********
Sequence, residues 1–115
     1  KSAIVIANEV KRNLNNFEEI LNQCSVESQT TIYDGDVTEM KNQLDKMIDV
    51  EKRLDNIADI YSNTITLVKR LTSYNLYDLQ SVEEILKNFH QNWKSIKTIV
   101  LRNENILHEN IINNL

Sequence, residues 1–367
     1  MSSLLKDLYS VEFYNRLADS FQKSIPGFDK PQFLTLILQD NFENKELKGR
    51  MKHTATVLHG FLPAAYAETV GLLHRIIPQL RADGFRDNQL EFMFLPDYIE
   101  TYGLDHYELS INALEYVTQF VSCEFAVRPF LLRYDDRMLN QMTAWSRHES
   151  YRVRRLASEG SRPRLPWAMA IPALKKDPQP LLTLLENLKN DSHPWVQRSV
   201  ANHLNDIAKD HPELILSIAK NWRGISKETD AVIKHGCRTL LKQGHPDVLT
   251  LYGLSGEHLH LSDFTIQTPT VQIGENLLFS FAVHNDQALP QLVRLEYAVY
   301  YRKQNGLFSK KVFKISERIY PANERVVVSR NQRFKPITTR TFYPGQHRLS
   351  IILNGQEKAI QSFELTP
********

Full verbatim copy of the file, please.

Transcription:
Sequence, residues 1–115
     1  KSAIVIANEV KRNLNNFEEI LNQCSVESQT TIYDGDVTEM KNQLDKMIDV
    51  EKRLDNIADI YSNTITLVKR LTSYNLYDLQ SVEEILKNFH QNWKSIKTIV
   101  LRNENILHEN IINNL

Sequence, residues 1–367
     1  MSSLLKDLYS VEFYNRLADS FQKSIPGFDK PQFLTLILQD NFENKELKGR
    51  MKHTATVLHG FLPAAYAETV GLLHRIIPQL RADGFRDNQL EFMFLPDYIE
   101  TYGLDHYELS INALEYVTQF VSCEFAVRPF LLRYDDRMLN QMTAWSRHES
   151  YRVRRLASEG SRPRLPWAMA IPALKKDPQP LLTLLENLKN DSHPWVQRSV
   201  ANHLNDIAKD HPELILSIAK NWRGISKETD AVIKHGCRTL LKQGHPDVLT
   251  LYGLSGEHLH LSDFTIQTPT VQIGENLLFS FAVHNDQALP QLVRLEYAVY
   301  YRKQNGLFSK KVFKISERIY PANERVVVSR NQRFKPITTR TFYPGQHRLS
   351  IILNGQEKAI QSFELTP